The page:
Migrants applying for Australian Permanent Residential Visas are required to undergo medical assessment. Failure to meet the health criteria will most certainly result in a visa refusal.
Unlike a tourist or social visit visa, many permanent, provisional and temporary visa applicants, such as those applying to emigrate, study, work, do business, join family or loved ones who will have to undergo a full body medical examination, including a chest x-ray, blood and urine test.
The question is therefore, why should authorities be so concerned about the health of those coming to live in Australia? The answer really is twofold, firstly to protect the entire Australian community from communicable diseases and secondly to safeguard the nationwide health subsidy program Medicare.
The following are some relatively prevalent conditions and diseases or that are considered threats to the public interest of Australian:
Tuberculosis has to be one of the most contagious and serious diseases for Australians since there is no mandatory immunisation program put in place. Since just about anyone can catch this airborne disease just by being in the same room as a TB carrier, the health authorities in Australia government has to robustly ensure mandatory screening for applicants. All applicants and children over 11 years old are also required to undergo TB screening prior to having their visas approved. Since x-rays may harm an unborn child, expectant mothers will have to undertake this risk or have their applications delayed.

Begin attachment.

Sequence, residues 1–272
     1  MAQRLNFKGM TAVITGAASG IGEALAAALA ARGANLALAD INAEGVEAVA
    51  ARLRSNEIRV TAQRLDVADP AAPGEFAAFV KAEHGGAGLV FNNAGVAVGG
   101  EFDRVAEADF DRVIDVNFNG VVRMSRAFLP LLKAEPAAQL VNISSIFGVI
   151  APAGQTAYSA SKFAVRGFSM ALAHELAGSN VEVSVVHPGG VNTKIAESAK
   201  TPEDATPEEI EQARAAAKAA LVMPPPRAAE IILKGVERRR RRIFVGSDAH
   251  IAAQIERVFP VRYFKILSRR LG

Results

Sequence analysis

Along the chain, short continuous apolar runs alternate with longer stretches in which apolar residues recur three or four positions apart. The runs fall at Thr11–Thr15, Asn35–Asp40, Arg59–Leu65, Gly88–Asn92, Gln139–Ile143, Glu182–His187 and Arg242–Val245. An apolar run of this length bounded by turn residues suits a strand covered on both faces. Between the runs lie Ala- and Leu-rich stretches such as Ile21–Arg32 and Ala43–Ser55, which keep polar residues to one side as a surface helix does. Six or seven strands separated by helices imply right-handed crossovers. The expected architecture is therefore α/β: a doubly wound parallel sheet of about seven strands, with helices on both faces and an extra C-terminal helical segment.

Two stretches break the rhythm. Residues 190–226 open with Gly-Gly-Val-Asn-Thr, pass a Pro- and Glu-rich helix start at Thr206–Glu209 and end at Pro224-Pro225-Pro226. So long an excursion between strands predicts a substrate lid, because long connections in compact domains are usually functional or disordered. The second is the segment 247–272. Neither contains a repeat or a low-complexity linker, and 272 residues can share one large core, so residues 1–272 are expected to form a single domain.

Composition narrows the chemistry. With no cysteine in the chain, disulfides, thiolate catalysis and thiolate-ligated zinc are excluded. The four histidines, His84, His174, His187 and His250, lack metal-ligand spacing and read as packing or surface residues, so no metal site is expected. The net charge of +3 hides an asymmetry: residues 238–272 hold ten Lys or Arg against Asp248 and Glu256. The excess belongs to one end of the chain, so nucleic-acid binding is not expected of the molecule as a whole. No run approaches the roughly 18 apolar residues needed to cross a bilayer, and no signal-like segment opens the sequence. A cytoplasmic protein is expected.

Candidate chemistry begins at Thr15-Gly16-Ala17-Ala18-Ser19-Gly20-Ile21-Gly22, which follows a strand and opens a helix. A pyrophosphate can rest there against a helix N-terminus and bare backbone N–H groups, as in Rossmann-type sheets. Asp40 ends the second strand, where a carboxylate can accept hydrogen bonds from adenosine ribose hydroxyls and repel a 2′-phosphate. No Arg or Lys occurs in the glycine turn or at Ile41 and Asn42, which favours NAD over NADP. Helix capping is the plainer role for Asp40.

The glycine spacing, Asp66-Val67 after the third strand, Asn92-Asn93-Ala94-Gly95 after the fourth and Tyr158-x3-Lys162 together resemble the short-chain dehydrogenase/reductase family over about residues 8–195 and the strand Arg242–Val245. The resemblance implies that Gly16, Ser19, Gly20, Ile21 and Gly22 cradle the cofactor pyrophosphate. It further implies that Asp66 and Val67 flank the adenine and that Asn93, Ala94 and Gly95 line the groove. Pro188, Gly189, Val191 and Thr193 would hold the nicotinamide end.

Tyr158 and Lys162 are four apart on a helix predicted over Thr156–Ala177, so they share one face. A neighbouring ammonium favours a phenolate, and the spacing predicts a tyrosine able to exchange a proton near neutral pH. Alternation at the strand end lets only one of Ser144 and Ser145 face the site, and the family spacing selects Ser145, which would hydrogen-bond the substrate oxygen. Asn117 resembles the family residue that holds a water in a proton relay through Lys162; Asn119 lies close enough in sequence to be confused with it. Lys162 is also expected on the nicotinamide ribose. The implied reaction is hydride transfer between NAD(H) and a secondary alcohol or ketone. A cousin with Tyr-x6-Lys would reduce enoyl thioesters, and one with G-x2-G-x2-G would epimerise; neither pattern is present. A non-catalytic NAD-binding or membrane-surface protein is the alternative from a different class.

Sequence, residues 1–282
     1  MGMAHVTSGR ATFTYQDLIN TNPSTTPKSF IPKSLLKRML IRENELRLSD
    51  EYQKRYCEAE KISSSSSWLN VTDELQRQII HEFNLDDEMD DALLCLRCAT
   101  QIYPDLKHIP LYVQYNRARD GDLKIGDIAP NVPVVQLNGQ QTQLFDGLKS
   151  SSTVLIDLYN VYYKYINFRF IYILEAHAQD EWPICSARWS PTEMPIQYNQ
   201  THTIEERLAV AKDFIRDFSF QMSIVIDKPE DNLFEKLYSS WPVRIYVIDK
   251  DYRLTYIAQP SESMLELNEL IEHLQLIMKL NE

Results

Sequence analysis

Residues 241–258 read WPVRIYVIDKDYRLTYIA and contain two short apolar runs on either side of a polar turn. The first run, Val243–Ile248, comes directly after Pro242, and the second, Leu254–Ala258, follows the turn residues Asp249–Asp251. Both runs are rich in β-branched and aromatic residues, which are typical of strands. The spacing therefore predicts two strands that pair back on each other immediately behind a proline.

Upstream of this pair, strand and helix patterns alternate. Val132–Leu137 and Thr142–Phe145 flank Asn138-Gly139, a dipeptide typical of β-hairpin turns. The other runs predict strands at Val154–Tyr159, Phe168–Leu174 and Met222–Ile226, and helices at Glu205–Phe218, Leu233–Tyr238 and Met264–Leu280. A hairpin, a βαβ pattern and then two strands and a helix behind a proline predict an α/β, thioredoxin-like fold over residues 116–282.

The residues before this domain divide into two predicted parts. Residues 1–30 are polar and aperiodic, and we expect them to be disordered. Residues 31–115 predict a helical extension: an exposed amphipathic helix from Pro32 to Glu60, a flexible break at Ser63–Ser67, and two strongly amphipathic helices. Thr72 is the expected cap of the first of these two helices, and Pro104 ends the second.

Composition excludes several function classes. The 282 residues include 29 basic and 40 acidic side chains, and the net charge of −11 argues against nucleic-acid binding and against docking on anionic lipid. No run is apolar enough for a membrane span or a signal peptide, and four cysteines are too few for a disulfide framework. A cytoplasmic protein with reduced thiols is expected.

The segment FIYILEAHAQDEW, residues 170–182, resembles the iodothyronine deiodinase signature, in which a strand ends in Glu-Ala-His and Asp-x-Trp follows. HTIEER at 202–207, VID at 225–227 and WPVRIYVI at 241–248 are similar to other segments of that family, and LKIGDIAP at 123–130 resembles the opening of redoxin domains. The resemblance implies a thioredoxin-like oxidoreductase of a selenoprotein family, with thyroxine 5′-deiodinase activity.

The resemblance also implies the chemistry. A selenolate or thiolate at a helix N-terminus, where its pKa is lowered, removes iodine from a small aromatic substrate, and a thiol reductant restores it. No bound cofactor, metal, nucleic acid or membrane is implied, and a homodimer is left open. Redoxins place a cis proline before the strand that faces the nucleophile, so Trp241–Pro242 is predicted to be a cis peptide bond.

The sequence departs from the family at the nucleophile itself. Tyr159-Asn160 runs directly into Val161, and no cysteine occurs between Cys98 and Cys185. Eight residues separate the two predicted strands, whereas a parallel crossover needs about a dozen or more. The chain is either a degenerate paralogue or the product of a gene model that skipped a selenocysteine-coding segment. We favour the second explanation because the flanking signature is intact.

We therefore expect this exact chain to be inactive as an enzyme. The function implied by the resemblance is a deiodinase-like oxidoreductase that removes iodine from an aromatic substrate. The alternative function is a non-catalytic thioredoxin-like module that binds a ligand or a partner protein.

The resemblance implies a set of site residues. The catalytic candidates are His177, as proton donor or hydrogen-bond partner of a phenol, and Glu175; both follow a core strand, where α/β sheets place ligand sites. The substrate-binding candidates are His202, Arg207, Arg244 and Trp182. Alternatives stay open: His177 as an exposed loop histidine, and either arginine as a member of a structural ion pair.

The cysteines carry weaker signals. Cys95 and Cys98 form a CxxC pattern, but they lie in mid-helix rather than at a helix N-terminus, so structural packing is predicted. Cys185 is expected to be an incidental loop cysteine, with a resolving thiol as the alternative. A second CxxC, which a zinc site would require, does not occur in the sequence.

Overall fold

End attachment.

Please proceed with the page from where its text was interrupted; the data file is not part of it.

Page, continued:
HIV test is also included in the health criteria when applying for permanent residency visa. Though it is not considered a big threat to public health as tuberculosis, all HIV positive applicants will be considered posing a significant cost to Australian community’s health care and community services. All migrants over 15 years of age are required to pass the HIV test. Immigration may also require applicants under the age 15 to undergo testing if the child’s parents are HIV positive or if the child is for adoption. It is advisable to seek advice from your trusted Australian migration agent, with whom you can disclose your HIV status prior to your migration application.
Unlike Tuberculosis and HIV, the risk of hepatitis transmission from the migrants is not considered high. However, screening for Hepatitis B and C is still needed if the migrant is pregnant or they are intending to work as one of the medical practitioners in Australia. Hepatitis will not automatically result in visa refusal, as the case will widely depend on the severity of the applicants’ condition.
Polio has known to be very infectious, targeting the nervous system of a person. Despite having a very high vaccination coverage in the entire country, Australia immigration still implements strict screening for migrants, especially from countries identified as being high risk with polio, including Afghanistan, Syria, Pakistan and Somalia. Migrants need to present polio vaccination certificate if applying for a permanent residency visa.
Since the outbreak of Ebola Virus, Australia has strengthen its screening for migrants, especially to those from countries listed as Ebola-affected. This is to strongly protect Australian community from any associated health risk such as Ebola virus.
It is important to know that you are healthy enough and free from any serious disease if you really want to obtain Australian PR visa. Seek consultation from any Australian migration agency in Singapore and anywhere else if you have any issue concerning your health.